Navigation Links
Lung cancer study hints at new treatments

Studying the most common type of lung cancer, researchers have uncovered mutations in a cell-signaling pathway that plays a role in forming tumors. The new knowledge may expand treatments for patients because drugs targeting some of these genetic changes already are available or are in clinical trials.

Reporting July 9 in Nature, investigators from The Cancer Genome Atlas (TCGA), including researchers at Washington University School of Medicine in St. Louis, Harvard Medical School and other institutions, studied tumors from 230 patients with lung adenocarcinoma.

"This is the first time we have had a panoramic look at the genomic landscape of this many lung tumor specimens," said oncologist Ramaswamy Govindan, MD, professor of medicine at Washington University and TCGA lung cancer project co-chair. "These studies reinforce the opinion that lung cancer is a very heterogeneous disease."

Combined with an earlier study of 178 patients with lung squamous cell carcinoma, TCGA researchers now have published genetic data on about 400 lung cancer patients and are working to analyze tumors from 600 more. The investigators included scientists at The Genome Institute at Washington University and other major sequencing centers.

In the new study, among the myriad genetic changes observed in adenocarcinoma, one cell-signaling pathway stood out. About 75 percent of the samples had mutations that overactivated a pathway called RTK/RAS/RAF, known for roles in tumor growth.

"It is remarkable how important the RTK/RAS/RAF pathway appears to be," said Govindan, who treats patients at Siteman Cancer Center at Barnes-Jewish Hospital and Washington University School of Medicine. "Mutations in this particular pathway promote cancer cell proliferation. What is amazing is how many ways this pathway can be activated.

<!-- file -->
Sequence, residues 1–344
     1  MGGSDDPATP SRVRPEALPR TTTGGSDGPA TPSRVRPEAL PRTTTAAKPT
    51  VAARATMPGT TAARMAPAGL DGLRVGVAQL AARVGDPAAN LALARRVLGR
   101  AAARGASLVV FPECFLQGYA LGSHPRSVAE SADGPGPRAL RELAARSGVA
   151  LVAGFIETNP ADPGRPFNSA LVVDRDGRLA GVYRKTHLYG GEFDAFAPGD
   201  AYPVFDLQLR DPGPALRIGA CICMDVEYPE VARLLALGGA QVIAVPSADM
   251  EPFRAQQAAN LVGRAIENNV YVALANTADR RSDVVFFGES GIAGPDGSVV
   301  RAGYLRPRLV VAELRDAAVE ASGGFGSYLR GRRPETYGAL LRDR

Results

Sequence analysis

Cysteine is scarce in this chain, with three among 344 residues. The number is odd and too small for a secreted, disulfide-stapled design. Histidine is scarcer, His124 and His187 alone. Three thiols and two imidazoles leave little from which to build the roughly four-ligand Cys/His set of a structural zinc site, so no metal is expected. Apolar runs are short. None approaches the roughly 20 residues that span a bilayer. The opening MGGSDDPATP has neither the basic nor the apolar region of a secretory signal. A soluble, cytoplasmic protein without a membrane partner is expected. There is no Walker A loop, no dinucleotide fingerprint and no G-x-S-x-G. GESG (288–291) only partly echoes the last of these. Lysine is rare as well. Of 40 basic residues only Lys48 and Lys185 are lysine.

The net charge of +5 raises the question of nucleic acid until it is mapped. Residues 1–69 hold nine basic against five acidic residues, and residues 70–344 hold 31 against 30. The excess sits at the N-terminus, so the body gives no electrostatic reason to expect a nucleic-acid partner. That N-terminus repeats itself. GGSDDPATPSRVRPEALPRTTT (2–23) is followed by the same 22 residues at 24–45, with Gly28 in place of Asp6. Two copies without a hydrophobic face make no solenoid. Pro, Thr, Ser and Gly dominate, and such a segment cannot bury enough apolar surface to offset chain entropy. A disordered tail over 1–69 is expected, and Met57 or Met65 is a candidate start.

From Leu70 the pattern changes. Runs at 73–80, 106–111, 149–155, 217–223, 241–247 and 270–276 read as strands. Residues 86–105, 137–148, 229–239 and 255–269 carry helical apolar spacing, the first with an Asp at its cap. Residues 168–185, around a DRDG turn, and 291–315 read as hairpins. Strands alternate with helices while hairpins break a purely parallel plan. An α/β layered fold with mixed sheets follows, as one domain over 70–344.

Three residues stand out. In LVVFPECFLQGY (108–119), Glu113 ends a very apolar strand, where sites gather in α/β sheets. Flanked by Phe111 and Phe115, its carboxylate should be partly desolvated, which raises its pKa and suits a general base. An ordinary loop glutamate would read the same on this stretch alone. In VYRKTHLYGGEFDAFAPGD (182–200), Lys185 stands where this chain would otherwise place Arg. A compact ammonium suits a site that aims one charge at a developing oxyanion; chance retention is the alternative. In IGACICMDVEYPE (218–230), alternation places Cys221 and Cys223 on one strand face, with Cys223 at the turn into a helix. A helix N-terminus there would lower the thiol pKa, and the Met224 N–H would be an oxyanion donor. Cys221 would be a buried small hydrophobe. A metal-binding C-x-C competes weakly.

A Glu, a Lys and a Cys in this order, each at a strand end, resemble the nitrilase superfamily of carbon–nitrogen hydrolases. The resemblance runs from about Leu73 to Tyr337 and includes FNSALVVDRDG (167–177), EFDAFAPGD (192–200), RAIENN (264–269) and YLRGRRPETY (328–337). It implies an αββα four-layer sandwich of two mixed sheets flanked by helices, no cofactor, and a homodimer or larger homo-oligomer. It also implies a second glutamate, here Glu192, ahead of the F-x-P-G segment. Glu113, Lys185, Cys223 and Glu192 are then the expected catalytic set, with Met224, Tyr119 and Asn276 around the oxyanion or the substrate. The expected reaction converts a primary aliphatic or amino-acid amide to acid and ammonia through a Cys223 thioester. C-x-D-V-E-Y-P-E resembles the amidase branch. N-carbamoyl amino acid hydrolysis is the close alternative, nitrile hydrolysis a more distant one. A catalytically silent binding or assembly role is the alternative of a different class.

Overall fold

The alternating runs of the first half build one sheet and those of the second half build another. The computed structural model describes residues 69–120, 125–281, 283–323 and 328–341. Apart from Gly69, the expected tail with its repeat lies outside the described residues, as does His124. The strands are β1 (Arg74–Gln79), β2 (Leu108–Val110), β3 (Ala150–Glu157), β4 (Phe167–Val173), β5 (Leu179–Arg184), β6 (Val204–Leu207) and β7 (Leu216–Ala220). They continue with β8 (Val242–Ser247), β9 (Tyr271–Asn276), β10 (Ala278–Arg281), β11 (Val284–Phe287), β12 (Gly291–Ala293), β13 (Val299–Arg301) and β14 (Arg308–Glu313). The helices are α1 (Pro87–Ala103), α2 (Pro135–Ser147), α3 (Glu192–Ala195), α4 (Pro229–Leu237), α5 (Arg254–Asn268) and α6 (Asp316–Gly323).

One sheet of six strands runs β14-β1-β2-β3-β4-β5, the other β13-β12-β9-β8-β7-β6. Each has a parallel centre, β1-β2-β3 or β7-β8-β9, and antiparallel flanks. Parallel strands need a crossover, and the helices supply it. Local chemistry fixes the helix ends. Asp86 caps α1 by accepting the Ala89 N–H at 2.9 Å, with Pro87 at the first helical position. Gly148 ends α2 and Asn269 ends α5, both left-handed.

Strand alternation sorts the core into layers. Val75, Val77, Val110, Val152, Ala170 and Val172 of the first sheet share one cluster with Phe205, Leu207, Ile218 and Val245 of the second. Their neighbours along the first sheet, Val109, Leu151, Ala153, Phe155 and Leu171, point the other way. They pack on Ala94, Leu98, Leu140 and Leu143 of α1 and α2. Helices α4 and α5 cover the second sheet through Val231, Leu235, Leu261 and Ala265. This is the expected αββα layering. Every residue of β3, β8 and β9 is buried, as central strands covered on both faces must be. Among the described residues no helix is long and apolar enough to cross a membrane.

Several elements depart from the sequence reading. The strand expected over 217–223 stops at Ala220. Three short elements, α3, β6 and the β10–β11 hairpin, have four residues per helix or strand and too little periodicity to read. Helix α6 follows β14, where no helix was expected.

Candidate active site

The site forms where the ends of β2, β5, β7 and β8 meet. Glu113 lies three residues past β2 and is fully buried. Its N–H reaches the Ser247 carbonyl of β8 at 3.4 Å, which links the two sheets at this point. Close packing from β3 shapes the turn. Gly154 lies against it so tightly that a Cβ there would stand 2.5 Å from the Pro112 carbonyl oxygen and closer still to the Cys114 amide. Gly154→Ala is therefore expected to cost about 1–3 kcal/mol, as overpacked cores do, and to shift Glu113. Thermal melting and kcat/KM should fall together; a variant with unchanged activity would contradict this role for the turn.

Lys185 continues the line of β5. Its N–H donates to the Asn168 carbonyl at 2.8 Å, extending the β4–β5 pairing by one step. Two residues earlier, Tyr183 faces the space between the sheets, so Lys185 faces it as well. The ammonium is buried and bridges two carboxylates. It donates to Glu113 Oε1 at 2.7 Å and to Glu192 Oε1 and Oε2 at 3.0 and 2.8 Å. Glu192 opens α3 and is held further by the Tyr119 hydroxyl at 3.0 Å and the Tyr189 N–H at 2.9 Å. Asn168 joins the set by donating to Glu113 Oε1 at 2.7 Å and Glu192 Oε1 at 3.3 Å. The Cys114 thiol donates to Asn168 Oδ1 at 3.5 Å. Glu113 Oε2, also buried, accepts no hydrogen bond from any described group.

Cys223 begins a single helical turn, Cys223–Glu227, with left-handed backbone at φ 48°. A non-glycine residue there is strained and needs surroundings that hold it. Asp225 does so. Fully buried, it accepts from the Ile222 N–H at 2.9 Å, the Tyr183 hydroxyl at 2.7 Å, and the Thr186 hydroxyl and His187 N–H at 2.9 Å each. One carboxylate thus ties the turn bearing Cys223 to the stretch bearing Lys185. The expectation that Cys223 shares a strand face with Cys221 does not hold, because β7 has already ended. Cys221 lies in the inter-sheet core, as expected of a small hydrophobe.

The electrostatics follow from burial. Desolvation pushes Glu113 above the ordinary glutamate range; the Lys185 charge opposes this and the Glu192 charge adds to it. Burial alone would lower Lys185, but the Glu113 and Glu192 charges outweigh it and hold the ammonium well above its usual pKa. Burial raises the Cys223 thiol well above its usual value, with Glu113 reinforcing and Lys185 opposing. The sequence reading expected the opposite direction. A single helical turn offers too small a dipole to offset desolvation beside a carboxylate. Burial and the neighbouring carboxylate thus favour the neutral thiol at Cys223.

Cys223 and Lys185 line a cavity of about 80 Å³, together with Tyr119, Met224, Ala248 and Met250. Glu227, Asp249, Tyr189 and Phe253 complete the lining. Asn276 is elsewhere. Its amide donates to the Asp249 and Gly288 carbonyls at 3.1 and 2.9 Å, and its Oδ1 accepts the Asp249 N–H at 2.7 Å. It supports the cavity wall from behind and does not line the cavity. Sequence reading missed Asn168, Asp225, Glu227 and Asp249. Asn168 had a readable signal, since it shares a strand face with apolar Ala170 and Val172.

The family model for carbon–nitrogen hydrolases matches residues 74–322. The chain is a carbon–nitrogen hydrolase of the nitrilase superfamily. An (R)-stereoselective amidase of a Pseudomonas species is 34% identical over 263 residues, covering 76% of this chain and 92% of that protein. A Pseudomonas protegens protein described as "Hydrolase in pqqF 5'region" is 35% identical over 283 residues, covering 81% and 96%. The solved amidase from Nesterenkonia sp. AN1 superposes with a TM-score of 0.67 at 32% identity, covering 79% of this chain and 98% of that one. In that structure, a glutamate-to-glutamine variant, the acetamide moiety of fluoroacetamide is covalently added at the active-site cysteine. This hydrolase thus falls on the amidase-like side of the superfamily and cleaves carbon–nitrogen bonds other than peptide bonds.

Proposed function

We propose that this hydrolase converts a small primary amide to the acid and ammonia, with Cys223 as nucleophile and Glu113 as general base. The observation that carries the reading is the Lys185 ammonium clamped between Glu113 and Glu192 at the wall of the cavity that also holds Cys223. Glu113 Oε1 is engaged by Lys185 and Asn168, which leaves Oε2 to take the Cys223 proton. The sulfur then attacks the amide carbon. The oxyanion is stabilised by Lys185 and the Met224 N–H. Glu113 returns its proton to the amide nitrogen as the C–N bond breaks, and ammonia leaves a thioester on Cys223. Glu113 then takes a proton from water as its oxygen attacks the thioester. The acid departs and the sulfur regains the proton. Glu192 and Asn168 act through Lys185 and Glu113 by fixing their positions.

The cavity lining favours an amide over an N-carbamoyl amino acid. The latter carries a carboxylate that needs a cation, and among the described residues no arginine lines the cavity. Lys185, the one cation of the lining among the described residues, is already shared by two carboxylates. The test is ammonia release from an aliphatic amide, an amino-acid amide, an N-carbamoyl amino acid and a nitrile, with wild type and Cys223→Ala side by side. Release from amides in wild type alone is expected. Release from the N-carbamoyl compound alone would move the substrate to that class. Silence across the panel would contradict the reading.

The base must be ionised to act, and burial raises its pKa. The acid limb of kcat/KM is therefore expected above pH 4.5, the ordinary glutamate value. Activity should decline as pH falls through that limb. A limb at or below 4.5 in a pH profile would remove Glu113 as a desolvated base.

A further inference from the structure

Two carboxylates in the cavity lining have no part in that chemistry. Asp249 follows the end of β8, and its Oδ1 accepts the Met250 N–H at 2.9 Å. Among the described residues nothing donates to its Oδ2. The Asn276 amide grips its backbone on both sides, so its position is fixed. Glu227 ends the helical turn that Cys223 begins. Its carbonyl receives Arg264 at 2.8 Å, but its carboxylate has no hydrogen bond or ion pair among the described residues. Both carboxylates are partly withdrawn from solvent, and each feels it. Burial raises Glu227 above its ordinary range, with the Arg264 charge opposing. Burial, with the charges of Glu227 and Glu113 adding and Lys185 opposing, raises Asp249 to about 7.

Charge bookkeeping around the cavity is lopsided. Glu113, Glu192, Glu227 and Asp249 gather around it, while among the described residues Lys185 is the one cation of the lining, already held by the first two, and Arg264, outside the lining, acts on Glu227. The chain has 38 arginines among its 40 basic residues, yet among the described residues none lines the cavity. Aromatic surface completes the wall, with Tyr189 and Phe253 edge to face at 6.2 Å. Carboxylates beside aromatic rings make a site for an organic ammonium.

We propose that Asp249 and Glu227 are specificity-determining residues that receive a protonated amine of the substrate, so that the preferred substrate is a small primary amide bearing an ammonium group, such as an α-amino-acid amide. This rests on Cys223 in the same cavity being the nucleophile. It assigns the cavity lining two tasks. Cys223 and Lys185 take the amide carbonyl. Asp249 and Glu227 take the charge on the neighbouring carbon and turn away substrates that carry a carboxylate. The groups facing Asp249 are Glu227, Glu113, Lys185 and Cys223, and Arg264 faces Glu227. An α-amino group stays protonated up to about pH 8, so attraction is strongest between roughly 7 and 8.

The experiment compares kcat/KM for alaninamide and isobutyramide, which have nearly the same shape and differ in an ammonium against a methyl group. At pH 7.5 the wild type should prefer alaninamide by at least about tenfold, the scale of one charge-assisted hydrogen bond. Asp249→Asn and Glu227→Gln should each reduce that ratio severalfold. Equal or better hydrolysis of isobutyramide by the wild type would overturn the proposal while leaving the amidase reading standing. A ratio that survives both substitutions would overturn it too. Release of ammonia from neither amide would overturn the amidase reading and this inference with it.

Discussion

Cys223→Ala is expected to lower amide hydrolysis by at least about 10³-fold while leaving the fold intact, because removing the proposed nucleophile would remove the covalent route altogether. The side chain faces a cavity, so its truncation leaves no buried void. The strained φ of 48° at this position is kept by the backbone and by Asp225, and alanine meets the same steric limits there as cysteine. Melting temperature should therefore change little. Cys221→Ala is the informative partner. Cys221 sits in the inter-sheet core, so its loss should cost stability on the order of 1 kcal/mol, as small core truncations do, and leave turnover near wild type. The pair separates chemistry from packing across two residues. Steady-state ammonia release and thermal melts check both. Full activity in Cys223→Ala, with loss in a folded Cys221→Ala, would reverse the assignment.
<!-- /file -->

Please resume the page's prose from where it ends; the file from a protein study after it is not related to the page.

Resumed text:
"We also know these tumors are not static," he added. "They evolve. We have to be looking at multiple biopsies over time to see how the tumor cells escape, inhibiting one pathway and becoming resistant to therapies."

The researchers also found other relevant mutations in important genes such as EGFR, NF1, NF2 and MET. Such findings could be valuable to a clinical trial known as ALCHEMIST (Adjuvant Lung Cancer Enrichment Marker Identification and Sequencing Trial) that Govindan is leading. The trial will involve the screening of tumors from several thousand lung cancer patients for alterations in genes called EGFR and ALK. After surgery to remove their tumors, these patients will be invited to participate in clinical trials studying drugs targeting these dysfunctional genes.

The ALCHEMIST trial builds on the current study and also potentially will provide additional tumor samples for genomic analysis. A large sample size is important in accurately identifying mutations driving lung tumor growth.

"Patients with lung cancer often have substantial tobacco exposure, which leads to a lot of mutations," Govindan said. "We may not be able to find significant mutations unless we study multiple samples from several thousand patients."